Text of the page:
AuthorCraig Forcese
Chapter 13
It will be for [the British] government to show a necessity of self-defense,
inant, overwhelming, leaving no choice of means, and no moment for
deliberation. It will be for it to show also that the local authorities of Canada,
even supposing the necessity of the moment authorized them to enter the
territories of United States at all, did nothing unreasonable or excessive.
— daniel weBster (24 aPril 1841)1
A ,  discussions continued. Ambassador
Henry Stephen Fox in Washington f‌irst formally raised the
McLeod matter with the new secretary of state, Daniel Web-
ster, in early March 1841, again asserting that even had the Canadian
been present at the Caroline raid, it “would be contrary to univer-
sal practice of civilized nations to f‌ix individual responsibility upon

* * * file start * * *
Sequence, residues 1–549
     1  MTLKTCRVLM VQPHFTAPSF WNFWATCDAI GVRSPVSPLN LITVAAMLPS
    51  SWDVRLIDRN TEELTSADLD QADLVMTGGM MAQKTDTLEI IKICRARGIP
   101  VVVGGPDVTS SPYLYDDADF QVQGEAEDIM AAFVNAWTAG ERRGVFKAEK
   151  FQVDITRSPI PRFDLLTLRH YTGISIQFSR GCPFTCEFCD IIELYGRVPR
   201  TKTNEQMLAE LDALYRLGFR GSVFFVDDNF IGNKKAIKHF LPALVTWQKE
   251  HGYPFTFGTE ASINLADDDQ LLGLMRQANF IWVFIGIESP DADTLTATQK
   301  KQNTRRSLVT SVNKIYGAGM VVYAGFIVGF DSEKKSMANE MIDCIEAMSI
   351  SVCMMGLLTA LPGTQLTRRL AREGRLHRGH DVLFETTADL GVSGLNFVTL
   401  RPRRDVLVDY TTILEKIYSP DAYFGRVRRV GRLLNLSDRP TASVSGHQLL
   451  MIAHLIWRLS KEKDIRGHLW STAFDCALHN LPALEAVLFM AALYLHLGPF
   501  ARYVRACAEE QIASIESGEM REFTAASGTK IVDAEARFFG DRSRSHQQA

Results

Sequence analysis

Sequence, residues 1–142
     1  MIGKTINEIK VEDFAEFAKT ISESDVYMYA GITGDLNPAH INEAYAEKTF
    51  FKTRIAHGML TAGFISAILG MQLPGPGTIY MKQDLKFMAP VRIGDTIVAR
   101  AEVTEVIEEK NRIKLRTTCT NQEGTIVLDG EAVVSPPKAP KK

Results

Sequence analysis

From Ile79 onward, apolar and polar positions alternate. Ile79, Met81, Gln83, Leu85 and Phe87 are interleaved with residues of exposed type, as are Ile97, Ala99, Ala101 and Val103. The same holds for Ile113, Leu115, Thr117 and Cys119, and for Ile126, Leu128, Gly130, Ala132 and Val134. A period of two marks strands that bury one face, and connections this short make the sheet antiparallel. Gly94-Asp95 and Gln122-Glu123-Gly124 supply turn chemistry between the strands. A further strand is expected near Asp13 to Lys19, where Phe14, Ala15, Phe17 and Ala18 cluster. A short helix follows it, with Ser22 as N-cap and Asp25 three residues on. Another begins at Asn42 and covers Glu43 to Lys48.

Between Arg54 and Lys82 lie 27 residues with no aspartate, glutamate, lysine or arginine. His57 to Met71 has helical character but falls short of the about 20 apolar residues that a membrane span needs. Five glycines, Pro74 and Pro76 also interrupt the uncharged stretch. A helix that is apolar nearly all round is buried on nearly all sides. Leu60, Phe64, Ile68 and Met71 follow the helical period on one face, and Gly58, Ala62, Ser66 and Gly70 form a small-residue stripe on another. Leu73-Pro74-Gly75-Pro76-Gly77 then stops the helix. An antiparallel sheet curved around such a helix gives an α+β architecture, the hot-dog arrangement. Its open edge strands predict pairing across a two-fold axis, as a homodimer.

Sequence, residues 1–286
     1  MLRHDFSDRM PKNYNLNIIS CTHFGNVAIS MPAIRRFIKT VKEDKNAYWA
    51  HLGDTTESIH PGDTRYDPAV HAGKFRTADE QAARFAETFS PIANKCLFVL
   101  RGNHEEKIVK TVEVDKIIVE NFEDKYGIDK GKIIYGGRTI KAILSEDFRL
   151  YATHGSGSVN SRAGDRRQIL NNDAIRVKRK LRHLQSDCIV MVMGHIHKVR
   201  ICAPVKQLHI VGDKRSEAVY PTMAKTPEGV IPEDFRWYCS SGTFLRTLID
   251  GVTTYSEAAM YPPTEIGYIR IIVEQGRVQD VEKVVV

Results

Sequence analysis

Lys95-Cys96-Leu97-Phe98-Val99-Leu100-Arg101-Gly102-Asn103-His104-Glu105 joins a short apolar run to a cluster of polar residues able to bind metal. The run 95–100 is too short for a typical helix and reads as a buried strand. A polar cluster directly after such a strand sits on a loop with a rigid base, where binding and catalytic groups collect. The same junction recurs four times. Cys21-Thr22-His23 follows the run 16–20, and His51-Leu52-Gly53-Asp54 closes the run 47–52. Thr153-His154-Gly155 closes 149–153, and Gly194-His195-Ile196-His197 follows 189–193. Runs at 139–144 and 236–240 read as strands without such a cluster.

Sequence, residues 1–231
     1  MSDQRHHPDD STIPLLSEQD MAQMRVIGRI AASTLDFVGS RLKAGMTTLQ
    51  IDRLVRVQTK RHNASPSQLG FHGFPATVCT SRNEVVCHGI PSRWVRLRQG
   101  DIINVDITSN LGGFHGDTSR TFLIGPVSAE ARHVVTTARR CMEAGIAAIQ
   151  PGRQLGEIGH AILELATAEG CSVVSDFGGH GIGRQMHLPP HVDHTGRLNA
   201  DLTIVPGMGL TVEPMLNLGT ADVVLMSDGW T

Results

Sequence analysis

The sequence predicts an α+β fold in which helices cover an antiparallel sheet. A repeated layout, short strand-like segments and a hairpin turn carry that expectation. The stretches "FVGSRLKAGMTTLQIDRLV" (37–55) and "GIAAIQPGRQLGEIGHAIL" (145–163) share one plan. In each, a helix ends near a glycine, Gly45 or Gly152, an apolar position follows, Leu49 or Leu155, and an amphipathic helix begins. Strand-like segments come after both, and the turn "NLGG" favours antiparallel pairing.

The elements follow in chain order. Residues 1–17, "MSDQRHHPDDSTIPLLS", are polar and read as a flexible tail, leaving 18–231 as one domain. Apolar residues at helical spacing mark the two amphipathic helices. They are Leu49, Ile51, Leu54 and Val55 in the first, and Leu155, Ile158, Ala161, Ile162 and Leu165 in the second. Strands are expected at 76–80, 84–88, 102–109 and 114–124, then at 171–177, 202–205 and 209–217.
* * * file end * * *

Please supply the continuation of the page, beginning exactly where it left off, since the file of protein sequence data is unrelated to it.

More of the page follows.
persons who, with the sanction or by the orders of the constituted
authorities of a State, engaged in military or naval enterprises in their
country’s cause.”2 The Caroline af‌fair was, from a British perspective,
a justif‌iable employment of force for the purpose of defending the
British territory from the unprovoked attack of a band of British
rebels and American pirates, who, having been permitted to arm
and organize themselves within the territory of the United States,
had actually invaded and occupied a portion of the territory of Her
As for Alexander McLeod, Fox demanded “formally, in the name
of the British Government, the immediate release” of the detained

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